• Karen Ekstrom at 11:32 am

      Hi Lee, This recipe is delicious. The crust is what keeps the juices in and keeps it tasty. So, yes, this recipe does form a crust. But, it sounds like you like your brisket really crunchy, so this may not be the recipe for you.

    • Karen Ekstrom at 9:28 pm

      Hi Barbara, We usually cook 12- 14 lb brisket, so a 3.60 lb brisket leaves us guessing… but, you’d still cook it 3 hours on the smoker (at the low end of the temperature range – 250 to 275 degrees) and an 1 1/2 hours in the oven. (Lower the temperature to 225 degrees in the oven.) Check it for tenderness… If it is still tough, cook it an hour longer… As for the flavor, we assume you are talking wood… David prefers mesquite wood. Good luck! Let us know how it turned out!

  18. Smoke_it at 1:39 am

    Thanks for this recipe. The oven is the key in my opinion. I’m jacked to try this now! I’m in Chicago and it’s 20 with snow on the ground, but I need a little Texas heat here!

  19. Art w at 3:23 am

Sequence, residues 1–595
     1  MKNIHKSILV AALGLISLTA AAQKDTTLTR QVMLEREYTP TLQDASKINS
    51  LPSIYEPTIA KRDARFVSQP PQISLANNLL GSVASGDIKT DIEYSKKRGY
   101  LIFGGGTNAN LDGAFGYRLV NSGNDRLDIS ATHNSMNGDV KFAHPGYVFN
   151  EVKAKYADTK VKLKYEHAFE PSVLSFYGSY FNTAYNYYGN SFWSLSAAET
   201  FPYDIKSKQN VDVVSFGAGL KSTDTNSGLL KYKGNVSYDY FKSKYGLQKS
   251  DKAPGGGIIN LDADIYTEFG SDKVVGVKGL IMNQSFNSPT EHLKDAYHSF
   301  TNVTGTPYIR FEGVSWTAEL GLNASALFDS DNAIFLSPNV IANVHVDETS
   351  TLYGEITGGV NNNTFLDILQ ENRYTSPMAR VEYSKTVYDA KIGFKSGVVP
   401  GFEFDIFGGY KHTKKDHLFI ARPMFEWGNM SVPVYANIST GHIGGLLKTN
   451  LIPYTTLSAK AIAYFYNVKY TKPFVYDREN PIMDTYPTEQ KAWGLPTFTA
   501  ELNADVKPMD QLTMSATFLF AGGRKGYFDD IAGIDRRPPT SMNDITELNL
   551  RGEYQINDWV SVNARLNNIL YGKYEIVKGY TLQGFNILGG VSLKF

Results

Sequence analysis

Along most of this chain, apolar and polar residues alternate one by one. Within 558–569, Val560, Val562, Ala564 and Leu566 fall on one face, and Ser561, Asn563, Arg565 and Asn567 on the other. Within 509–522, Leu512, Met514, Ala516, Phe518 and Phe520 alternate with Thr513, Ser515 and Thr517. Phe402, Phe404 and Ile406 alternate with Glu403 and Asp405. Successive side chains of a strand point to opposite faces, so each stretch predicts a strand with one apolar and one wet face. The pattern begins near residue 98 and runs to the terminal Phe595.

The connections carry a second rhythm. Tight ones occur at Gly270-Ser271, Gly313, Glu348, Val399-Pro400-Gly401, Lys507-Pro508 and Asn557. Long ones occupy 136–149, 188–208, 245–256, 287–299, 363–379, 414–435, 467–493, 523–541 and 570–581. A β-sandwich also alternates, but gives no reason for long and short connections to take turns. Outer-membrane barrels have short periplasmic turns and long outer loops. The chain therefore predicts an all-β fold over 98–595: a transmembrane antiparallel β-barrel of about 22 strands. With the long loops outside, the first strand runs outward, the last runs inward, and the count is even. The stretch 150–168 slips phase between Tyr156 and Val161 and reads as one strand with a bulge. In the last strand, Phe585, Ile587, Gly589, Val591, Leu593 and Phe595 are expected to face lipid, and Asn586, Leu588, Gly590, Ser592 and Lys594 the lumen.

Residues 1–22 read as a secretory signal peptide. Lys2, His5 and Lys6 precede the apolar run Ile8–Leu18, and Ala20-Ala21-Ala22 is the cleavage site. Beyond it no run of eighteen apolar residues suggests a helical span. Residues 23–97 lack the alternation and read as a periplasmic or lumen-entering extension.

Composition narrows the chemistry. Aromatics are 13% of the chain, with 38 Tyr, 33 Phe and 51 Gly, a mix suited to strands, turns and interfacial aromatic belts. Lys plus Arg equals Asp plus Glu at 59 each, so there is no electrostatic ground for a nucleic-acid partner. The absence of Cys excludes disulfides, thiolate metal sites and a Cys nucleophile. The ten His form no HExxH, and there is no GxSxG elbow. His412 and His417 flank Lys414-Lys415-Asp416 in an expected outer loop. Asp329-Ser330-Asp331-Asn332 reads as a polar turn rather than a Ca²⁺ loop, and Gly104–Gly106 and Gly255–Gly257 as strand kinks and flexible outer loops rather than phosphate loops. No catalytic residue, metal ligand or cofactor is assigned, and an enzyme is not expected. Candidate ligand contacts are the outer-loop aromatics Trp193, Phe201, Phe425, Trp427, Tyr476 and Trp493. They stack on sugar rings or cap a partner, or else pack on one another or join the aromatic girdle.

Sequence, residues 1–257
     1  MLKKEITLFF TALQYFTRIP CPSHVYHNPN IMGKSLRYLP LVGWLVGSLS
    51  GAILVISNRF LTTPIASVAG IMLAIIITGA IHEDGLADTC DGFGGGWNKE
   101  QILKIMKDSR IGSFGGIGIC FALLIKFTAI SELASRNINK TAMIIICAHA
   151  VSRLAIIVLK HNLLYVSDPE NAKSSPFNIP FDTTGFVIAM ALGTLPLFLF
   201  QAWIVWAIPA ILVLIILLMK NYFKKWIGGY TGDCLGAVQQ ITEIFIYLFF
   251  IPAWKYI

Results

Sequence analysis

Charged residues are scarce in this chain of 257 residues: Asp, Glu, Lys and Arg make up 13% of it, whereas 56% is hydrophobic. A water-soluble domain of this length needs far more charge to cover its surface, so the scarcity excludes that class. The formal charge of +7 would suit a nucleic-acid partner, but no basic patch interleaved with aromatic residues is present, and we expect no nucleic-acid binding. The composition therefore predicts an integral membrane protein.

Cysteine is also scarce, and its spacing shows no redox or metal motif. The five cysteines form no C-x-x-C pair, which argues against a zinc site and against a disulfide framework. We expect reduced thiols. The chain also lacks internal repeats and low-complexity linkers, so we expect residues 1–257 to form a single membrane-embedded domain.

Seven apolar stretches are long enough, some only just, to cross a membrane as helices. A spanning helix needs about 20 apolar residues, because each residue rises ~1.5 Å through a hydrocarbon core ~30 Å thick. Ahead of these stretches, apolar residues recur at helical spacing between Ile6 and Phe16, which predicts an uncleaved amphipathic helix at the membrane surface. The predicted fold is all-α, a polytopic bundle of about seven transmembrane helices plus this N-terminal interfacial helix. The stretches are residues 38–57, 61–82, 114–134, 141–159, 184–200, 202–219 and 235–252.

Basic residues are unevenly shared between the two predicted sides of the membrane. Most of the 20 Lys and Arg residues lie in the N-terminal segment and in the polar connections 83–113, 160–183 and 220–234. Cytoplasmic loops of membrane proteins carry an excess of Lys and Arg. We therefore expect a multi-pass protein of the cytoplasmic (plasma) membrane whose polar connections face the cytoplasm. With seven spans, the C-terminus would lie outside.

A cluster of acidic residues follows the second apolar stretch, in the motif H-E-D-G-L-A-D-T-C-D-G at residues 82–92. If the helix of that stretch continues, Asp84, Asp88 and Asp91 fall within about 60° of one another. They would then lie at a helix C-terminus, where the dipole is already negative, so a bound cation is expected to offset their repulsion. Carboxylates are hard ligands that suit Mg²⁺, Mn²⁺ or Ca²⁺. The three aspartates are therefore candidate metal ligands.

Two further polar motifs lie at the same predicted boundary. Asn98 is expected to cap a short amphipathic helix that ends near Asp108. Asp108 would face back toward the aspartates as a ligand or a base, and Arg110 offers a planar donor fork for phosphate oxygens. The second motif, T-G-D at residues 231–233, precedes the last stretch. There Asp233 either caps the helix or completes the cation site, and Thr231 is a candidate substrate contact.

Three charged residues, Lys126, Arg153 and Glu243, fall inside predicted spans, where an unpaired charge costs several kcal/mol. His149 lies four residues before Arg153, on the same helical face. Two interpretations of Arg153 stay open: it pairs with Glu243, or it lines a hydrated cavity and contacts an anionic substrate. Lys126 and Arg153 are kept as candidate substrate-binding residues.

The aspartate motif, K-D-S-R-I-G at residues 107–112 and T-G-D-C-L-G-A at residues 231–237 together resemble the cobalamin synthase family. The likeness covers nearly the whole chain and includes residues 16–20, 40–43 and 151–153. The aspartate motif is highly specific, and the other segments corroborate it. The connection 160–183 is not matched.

Another way to do a brisket is injecting it with 2 cups of beef broth. A quarter cup of both soy sauce and Worcestershire. Cook it to an internal temp of 203 to 204 degrees. Then wrap it and put it in a cooler for 2 to 3 hours. The process will break down the connective tissue and you will have an awesome brisket. Texas 101

  20. Dad Life at 10:44 am

    This looks like some delicious brisket. I have tried different recipes but yours is a little different in a good way as you have fewer spices to keep it simple, so I am going to give it a try this weekend.

  21. Kim Bradley at 6:39 am

    My husband has a Bradley Smoker…how do we do this if not using a bbq smoker? Thank you! Yours looks delicious and he’s been wanting to smoke brisket….